Pau Gasol's 'special night' saying farewell to 'brother' Kobe Bryant


Pau Gasol's 'special night' saying farewell to 'brother' Kobe Bryant

Kobe Bryant's latest stop on his farewell tour around the NBA stopped in Chicago on Sunday night. The five-time NBA champion was showered with praise from a sellout crowd, watched a two-minute pregame video presentation celebrating his 20-year career and heard chants of "Ko-be!" echoing around the stadium throughout much of the fourth quarter. And yet, for as emotional a night as it was for Bryant, playing in the same building built by his longtime idol, doing so against one his closest friends in Pau Gasol only added to the ambience inside the United Center.

Gasol finished the Bulls' pregame video in unique fashion, introducing "my former teammate, and my friend, from Lower Merion high school, No. 24, Kobe Bryant."

"It was great. Pau, we’re like brothers. It’s so strange. I always thought we’d be retiring on the same team," Bryant said after the Bulls' 126-115 victory. "Unfortunately that wasn’t the case. But to have him do that meant so much to me. It’s strange. This is the last time I’m going to be facing him. That’s weird. Unless we play pickup ball in Barcelona somewhere."

Both Gasol and Bryant have enough memories together to last a lifetime. The pair spent seven seasons together in Los Angeles, winning titles in 2009 and 2010. They battled in the Olympics - Gasol for Spain, Bryant for Team USA - in 2008 and 2012, played together in four different All-Star games and against each other once, last week in Toronto. But Sunday had a sense of finality to it, as Bryant played his 15th and final game inside the United Center, and his last against Gasol.

Gasol got the best of his old pal in the pair's final meeting, scoring 19 points and grabbing seven rebounds in 37 minutes. He added five assists and five blocked shots and the Bulls won consecutive games for the first time in five weeks, while Bryant's Lakers fell to 11-46, moving one loss closer to the chance at drafting Ben Simmons or Brandon Ingram in June's NBA Draft. But past the victory - the Lakers have lost five straight, and 15 of 17 - Gasol was able to soak in one last memory with Bryant. The two embraced at midcourt before the opening tip and chatted together at the free throw line early in the second quarter.

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After Bryant hit four consecutive jumpers in a five-possession span to tie the game early in the third quarter, Gasol responded with one of the Bulls' 13 3-pointers from the top of the key. He held his follow-through and glanced over at Bryant. When Bryant was substituted out with 45 seconds remaining he hugged Gasol, and did so again after the final horn sounded.

Gasol admitted the pair's time at All-Star weekend last week - Gasol was added after Jimmy Butler's knee injury - allowed the two to spend time together. But the finality of Sunday's game added importance for both players.

"We shared a few moments, but knowing this one was the last one on an NBA floor, it’s special to share that moment, to have the bond that we have, the respect and admiration and friendship," Gasol said. "So it’s awesome and I love it. I feel honored that I have this type of relationship, where I’ve earned his respect throughout the years and that we won a couple championships together, which is pretty amazing."

That relationship grew, in part, because of the way Gasol helped shape Bryant's post-Shaq legacy. When O'Neal demanded a trade and was subsequently dealt to the Heat after the 2004 season, the onus was on Bryant to prove he could win without his era's most dominant center. Gasol arrived four seasons later, beginning a seven-year stretch in Los Angeles that revived Bryant's career; Bryant's Lakers missed the playoffs in 2005 and were knocked out of the first round in 2006 and 2007.

Following a mid-season trade in 2008, Bryant and Gasol led the Lakers to the NBA Finals that summer where they lost to Kevin Garnett and the Celtics. The following season the Lakers won 57 games and beat the Magic in the Finals. One year later they repeated over those same Celtics. In that three-year stretch Gasol averaged 18.7 points and 9.8 rebounds, including 18.3 points and 10.4 rebounds in 67 playoff games. For as much as Bryant wanted to win one by himself, those titles aren't possible without Gasol playing Robin to Kobe's Batman as cohesively as he did.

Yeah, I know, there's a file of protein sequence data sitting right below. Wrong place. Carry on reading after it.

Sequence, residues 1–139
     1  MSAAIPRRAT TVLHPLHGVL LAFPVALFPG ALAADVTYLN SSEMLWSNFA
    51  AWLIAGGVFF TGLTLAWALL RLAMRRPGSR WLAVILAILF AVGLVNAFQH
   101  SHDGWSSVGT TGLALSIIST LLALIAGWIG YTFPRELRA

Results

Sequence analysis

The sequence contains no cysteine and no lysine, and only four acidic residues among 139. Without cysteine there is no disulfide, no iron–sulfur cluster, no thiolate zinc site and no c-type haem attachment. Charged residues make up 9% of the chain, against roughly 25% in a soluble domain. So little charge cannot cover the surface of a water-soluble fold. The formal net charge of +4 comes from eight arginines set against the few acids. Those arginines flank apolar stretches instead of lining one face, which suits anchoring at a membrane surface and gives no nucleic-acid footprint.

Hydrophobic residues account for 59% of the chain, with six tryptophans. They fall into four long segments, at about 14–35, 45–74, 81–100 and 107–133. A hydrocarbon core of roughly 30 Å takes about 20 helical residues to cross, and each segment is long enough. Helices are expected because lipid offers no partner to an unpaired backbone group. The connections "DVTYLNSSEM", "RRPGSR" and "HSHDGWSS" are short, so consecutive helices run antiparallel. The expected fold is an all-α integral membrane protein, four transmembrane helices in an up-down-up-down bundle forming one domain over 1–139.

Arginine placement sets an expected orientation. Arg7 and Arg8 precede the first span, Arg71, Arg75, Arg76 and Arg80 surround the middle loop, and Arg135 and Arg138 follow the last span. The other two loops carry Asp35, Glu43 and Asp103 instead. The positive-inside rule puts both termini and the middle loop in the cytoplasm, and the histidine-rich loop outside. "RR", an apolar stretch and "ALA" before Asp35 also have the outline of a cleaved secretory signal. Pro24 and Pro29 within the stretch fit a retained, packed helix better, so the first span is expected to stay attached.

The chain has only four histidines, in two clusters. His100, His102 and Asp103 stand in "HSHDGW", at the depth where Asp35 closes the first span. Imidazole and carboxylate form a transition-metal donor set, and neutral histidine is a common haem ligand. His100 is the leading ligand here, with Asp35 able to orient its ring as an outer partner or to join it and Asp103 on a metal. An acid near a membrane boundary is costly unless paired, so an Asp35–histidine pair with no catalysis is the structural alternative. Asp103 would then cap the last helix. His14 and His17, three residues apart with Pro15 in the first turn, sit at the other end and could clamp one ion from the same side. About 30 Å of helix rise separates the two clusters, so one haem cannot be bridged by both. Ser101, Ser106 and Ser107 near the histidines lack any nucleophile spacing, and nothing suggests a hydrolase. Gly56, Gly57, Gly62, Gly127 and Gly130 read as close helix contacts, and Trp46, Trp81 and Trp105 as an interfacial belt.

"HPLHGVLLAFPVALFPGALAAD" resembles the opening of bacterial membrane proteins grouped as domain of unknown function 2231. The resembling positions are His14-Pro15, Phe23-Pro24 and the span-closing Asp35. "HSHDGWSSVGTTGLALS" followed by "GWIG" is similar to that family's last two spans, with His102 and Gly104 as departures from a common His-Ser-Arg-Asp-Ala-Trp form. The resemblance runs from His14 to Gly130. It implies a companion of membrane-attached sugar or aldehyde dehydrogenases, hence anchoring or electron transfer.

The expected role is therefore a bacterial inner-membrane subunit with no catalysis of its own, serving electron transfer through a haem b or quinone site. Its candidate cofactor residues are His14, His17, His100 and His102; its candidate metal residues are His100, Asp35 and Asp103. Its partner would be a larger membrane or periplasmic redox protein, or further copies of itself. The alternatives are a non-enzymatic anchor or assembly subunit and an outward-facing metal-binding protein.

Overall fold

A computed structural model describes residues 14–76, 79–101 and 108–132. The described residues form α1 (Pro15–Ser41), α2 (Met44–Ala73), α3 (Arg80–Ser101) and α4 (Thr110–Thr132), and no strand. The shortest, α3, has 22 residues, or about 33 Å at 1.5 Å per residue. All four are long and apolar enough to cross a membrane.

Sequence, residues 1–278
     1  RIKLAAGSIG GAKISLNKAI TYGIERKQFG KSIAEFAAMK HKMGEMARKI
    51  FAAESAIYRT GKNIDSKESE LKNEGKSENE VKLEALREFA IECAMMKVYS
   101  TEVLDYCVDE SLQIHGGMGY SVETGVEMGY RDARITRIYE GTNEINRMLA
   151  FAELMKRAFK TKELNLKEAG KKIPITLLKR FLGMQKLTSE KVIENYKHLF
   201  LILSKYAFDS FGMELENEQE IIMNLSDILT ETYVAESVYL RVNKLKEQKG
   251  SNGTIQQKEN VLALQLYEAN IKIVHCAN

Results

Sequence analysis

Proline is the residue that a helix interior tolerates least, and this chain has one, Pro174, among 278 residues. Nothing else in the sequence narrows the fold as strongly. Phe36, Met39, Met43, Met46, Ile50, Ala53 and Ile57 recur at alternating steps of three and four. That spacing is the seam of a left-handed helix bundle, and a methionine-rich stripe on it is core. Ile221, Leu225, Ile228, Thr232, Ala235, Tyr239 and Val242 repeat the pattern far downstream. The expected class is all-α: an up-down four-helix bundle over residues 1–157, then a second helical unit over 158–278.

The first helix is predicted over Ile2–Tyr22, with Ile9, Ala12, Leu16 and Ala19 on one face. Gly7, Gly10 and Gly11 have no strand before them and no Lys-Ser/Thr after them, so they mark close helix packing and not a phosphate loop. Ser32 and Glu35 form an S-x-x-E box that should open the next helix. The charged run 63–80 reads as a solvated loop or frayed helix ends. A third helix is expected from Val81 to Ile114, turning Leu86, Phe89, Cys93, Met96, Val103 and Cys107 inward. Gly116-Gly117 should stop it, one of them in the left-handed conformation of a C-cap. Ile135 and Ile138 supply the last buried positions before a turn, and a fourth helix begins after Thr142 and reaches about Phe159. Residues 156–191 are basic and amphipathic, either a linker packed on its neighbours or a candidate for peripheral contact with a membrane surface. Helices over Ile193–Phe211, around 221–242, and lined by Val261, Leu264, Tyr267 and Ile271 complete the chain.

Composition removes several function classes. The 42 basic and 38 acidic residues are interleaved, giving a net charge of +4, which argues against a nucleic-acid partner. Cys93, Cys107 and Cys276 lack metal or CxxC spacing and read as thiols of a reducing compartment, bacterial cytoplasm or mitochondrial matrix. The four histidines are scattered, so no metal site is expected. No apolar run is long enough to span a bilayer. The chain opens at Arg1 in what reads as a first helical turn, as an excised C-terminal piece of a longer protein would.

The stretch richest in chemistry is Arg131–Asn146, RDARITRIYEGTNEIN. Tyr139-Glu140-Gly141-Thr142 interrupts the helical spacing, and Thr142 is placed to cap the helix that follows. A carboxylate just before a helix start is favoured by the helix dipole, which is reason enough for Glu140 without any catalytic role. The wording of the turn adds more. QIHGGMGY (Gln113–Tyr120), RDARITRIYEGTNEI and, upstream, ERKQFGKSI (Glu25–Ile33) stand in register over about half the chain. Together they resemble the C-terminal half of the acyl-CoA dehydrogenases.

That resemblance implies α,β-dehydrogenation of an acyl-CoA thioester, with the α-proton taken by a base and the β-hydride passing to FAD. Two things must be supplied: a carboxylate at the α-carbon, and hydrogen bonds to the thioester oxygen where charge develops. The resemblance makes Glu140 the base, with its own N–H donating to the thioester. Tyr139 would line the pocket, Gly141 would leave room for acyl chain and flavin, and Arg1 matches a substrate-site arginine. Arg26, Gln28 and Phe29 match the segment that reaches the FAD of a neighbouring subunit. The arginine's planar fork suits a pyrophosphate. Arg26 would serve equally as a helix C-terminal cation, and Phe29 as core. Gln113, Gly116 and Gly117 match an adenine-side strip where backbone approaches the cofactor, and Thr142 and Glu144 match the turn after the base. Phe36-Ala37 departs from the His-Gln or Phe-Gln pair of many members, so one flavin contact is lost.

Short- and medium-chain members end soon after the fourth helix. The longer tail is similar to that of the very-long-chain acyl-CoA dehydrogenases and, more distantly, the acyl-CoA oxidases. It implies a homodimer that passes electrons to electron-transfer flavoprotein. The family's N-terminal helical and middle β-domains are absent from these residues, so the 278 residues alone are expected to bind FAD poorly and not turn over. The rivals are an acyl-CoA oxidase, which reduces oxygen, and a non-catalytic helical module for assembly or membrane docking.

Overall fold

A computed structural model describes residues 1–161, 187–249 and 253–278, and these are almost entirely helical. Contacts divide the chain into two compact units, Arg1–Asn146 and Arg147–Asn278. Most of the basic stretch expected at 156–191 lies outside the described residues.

"It’s a huge honor. Proud that I was able to have the opporuntity to contribute to his legacy and live those moments with him and the rest of the guys. So we developed a nice relationship on and off the floor. And mainly off the floor, which is the most important because on the floor will go away.

"Off the floor is what matters the most. Really honored to be part of his legacy and have experienced the things that we went through as teammates, through the good times and also the bad times because he always had my back and always tried to motivate me to be better and pushed me when I needed to be pushed. So I appreciated that as well."

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The storybook ending that could have been was never written. Gasol left Los Angeles for Chicago after years of constant trade speculation despite his continued success into his 30s. Bryant did his best to keep his longtime friend and versatile 7-footer in Los Angeles, but knew it Gasol's time in Los Angeles - and likely Bryant's last championship window - had closed.

"I tried everything under the sun to convince him to stay, but you know Pau is such a prideful person and when he felt like he was being disrespected with all the continual trade talks despite the success that he had," Bryant said before Sunday's game. "And the benching, he just felt completely disrespected. I understood that as a man and there was nothing I could do but just wish him well."

Perhaps coincidentally, both Bryant and Gasol mentioned in their postgame interviews the possibility of the pair one day playing pickup basketball in Barcelona together. That will have to wait for now. Bryant has 25 games remaining in his NBA career while Gasol is in the midst of another season of revival, averaging 17.0 points and 10.8 rebounds in this his 15th NBA season. He's due to become a free agent at season's end.

But Sunday's special circumstances allowed both players time to reflect on the past and enjoy the present, even for just a night. And it allowed Gasol to reflect on the legacy he believes Bryant will leave behind.

"I think his legacy is just a guy with championships, records, all the milestones he accomplished. But he just left his mark. He inspired a lot of young players, a lot of young players trying to be lke him, his hero, his idol, the guy they follow and try to do the things that Kobe does on the floor.

"He’s at the top of the list. He’s as competitive as it gets. A guy that never likes to lose, always likes to prove that he’s better than you and is always ready to compete and prove it, own up to it. He doesn’t just talk about it, he owns up to it and he competes as hard as possible. Incredible competitor. One-of-a-kind."

Anthony Davis could be the lone torch-bearer for Chicago at All-Star weekend in 2020, and object of recruitment